The WZZM 13 Watchdog team is exposing a vulnerability being exploited by some lottery players to win every time they play, even though lottery games are supposed to be games of chance.
We found evidence some players used a low-risk keno game to turn tens of thousands of dollars in lottery bonus money into free cash.
THE BIG BONUS
Our investigative team realized there was an issue with a specific game as we investigated the lottery's bonus structure for it's online gaming platform. The online version opened in 2014 and Michigan's Bureau of State Lottery routinely has been giving away up to $100 on bonus money for people to sign-up to gamble on the new site.
The online promotions seem to be working to increase revenues. More than half a million people signed up to play on the web site as it generated $48 million for the state in 2016.
We had questions, though, whether it was correct for the lottery to give away public money in bonuses considering the system's proceeds go to public school children. The lottery bureau provided $888.9 million to the School Aid Fund in 2016.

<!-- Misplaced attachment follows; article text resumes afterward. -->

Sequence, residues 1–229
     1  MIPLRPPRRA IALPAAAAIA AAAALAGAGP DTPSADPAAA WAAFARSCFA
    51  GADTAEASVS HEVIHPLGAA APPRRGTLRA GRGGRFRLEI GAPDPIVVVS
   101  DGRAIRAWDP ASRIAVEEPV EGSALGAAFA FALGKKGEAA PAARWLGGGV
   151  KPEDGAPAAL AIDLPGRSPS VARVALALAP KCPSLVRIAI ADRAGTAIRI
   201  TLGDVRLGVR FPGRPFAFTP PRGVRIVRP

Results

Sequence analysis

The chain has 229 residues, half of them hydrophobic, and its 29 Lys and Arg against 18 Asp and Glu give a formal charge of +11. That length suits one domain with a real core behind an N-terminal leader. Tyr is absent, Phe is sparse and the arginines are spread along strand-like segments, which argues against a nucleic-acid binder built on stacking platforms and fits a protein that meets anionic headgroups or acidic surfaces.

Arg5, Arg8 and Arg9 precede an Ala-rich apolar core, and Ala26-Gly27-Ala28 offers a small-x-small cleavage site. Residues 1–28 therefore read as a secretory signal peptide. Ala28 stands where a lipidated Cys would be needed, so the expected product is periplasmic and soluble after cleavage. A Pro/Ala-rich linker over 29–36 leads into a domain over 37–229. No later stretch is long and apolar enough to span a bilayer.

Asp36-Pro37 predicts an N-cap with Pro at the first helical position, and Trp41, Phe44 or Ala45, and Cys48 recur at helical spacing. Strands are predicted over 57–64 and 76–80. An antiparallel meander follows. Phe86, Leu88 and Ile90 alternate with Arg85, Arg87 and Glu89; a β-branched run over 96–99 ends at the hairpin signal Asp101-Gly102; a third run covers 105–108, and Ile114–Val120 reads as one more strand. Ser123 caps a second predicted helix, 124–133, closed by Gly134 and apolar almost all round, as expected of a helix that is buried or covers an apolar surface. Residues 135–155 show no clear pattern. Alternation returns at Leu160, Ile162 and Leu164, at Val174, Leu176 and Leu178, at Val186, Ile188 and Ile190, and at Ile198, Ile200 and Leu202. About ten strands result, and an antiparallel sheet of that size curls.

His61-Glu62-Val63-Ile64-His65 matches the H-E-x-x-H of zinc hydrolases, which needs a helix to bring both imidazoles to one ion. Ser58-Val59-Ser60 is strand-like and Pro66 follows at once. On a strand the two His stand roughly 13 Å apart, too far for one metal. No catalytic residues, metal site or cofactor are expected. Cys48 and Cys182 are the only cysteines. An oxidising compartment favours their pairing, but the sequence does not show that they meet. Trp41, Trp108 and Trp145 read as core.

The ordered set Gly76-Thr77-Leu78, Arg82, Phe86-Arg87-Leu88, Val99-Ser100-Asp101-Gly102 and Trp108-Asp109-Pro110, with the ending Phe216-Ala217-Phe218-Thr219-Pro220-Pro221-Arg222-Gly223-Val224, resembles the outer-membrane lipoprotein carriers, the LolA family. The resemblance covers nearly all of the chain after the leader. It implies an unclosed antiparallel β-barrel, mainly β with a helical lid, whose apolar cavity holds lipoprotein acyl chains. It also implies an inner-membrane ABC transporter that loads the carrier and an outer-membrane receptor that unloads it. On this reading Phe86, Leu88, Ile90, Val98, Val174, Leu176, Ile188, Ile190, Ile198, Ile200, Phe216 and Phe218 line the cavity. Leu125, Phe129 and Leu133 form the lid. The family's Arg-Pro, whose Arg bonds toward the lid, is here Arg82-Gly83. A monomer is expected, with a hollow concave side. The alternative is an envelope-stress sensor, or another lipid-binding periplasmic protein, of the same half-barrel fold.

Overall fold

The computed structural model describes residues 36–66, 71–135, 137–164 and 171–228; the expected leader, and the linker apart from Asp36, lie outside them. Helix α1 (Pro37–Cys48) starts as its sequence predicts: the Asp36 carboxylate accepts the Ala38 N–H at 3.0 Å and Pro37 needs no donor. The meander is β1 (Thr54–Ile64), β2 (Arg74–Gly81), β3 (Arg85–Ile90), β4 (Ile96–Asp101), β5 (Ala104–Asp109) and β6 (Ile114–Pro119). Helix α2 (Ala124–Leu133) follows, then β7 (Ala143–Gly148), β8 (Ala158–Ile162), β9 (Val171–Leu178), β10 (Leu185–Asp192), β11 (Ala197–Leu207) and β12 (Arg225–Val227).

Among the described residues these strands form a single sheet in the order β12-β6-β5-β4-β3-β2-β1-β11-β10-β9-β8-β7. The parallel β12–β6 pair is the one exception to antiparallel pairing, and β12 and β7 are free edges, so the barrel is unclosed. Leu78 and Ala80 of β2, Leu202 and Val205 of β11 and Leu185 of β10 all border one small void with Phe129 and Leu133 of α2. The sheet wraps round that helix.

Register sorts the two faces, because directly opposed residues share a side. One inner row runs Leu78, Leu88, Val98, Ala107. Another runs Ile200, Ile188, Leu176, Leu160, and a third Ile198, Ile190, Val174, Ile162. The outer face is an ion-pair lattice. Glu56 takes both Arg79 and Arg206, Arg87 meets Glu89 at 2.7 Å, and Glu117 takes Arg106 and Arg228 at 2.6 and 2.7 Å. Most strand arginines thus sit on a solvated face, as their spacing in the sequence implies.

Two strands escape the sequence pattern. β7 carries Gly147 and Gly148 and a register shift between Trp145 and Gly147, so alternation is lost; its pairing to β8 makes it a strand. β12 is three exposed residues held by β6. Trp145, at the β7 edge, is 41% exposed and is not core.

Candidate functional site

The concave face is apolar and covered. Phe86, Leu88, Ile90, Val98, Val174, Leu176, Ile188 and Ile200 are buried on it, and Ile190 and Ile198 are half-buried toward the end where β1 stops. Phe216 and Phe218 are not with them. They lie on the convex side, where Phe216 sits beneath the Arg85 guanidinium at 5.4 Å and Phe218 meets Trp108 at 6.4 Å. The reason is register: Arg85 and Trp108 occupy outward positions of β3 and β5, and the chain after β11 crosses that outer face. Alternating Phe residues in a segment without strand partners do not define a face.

Executives told us the bonus money gets more people gambling money on the site which helps fund schools.
"The lottery offers a variety of promotions for both its traditional and online games to attract new players and retain players," Michigan Lottery spokesman Jeff Holyfield wrote in an e-mail. "Promotions provide a direct benefit to the lottery by supporting incremental growth and increased contributions to the School Aid Fund."
"Any business uses marketing techniques to give folks the opportunity to play as an option," Bureau of Lottery Commissioner Aric Nesbitt said.
HOW TO GET BONUS BUCKS